SHEIN to Spend $15M on 'Improving Standards' at Factories Following Labor Abuse Claims
SHEIN, the global fast-fashion e-commerce company, said it would commit $15 billion to "improving standards" at suppliers' factories in the wake of allegations of labor exploitation among its factory workers in China. The Chinese company, which was founded in 2008 by entrepreneur Chris Xu, was recently the subject of a U.K. documentary that claimed employees at two SHEIN-contracted factories in China were working 18-hour days, paid little, and had some of their pay docked if any product was damaged. SHEIN refuted these claims, saying in a statement that all salaries are paid at the end of the contracted month and in accordance with local laws and regulations.
SHEIN said it carried out an independent investigation following the documentary's accusations and found that the workers in the garment factory supplying the brand worked a maximum of 13.5 hours per day — still more than is legally permitted by local law, according to The Verge.
"While these are significantly less than claimed in the documentary, they are still higher than local regulations permit," SHEIN said in a statement. "SHEIN has therefore given both suppliers until the end of December to rectify the situation and reserves the right to take action against them if they fail to do so by then. In the interim, SHEIN has reduced orders from the two producers by three-quarters until they fully comply with the code."
SHEIN said the $15 million investment would be used "on making physical enhancements to its suppliers' factories," with more than 30 projects to be completed by the end of the year, and 100 expected to be complete by the end of 2023. The apparel retailer also said it has implemented a "multichannel feedback system" for workers at its contracted factories, enabling workers to anonymously submit complaints, feedback, and suggestions via email, phone or WeChat.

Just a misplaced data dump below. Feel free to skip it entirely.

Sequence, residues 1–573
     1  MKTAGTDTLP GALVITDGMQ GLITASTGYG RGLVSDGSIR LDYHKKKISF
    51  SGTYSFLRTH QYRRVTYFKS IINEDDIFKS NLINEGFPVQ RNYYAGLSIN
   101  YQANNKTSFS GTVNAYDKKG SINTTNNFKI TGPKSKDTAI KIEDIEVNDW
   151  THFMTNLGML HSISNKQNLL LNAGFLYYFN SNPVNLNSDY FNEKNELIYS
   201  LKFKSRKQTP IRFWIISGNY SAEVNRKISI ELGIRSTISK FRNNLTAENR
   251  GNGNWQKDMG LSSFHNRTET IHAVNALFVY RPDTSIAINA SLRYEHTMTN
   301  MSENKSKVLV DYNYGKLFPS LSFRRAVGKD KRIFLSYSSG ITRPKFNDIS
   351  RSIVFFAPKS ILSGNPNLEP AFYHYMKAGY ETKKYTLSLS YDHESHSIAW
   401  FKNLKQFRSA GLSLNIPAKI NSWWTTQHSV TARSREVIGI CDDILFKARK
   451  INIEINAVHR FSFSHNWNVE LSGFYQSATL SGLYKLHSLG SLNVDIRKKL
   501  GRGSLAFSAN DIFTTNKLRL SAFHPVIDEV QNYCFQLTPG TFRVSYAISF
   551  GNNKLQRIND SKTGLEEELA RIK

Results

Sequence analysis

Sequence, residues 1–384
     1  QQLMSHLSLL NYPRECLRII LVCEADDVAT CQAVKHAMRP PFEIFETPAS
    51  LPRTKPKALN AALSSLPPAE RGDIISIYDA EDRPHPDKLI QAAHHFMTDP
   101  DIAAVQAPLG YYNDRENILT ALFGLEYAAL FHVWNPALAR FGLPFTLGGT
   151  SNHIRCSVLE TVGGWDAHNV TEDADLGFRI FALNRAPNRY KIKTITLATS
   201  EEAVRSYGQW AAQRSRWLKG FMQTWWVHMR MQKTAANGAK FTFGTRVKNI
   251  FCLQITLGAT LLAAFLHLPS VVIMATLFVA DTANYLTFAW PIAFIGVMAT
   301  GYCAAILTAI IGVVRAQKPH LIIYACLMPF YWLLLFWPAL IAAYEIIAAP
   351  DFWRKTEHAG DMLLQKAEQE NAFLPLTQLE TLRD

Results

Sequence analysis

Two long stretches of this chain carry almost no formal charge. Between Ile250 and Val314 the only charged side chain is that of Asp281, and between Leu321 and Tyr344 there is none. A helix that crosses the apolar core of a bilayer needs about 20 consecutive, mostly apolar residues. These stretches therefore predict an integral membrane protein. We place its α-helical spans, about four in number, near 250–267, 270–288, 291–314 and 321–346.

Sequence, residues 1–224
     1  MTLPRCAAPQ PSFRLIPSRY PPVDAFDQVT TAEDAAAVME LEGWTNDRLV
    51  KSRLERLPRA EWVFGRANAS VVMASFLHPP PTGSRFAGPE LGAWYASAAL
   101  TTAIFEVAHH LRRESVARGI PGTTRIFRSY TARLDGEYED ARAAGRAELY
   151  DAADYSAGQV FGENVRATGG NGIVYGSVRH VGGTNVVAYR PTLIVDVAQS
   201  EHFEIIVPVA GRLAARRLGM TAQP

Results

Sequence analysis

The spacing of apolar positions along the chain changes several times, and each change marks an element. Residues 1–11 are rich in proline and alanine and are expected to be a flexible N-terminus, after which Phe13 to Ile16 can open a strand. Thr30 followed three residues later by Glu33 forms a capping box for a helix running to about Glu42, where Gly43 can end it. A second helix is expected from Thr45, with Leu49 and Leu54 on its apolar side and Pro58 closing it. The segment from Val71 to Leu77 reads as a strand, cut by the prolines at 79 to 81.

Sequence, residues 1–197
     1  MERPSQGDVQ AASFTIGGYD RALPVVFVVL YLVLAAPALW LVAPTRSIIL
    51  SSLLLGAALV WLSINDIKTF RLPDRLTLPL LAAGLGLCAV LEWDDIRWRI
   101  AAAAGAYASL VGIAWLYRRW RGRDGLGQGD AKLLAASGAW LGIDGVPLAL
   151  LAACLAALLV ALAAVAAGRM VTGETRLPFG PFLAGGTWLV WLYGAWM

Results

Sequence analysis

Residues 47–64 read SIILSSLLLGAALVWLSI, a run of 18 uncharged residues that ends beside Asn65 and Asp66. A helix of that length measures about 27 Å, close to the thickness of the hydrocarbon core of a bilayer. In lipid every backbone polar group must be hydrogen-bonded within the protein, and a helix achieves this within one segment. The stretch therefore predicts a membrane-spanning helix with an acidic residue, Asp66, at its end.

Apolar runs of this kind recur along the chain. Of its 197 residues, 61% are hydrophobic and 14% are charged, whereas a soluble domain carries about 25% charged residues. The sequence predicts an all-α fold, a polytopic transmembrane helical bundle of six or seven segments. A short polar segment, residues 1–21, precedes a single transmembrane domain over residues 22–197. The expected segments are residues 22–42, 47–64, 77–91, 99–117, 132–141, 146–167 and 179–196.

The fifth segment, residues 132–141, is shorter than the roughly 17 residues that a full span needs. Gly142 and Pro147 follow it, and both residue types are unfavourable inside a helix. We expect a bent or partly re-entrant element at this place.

Total Retail's Take: SHEIN, which was valued at $100 billion in April, has been in the ire of the fashion and activism worlds for its rapid production of lower-quality apparel at low prices even as it dominates the fast-fashion market and quickly gains new customers.
The media's deep dive into SHEIN's alleged treatment of factory garment workers has served to put a magnifying glass on the retailer's manufacturing processes. That scrutiny also certainly contributed to SHEIN's commitment of $15 billion to hopefully help address some of the labor issues showcased in the U.K. documentary. It remains to be seen how exactly SHEIN standards improvements at the factories will play out, but the first step of acknowledging the problem, and then committing resources to potentially resolve it, has taken place. That's a good first step.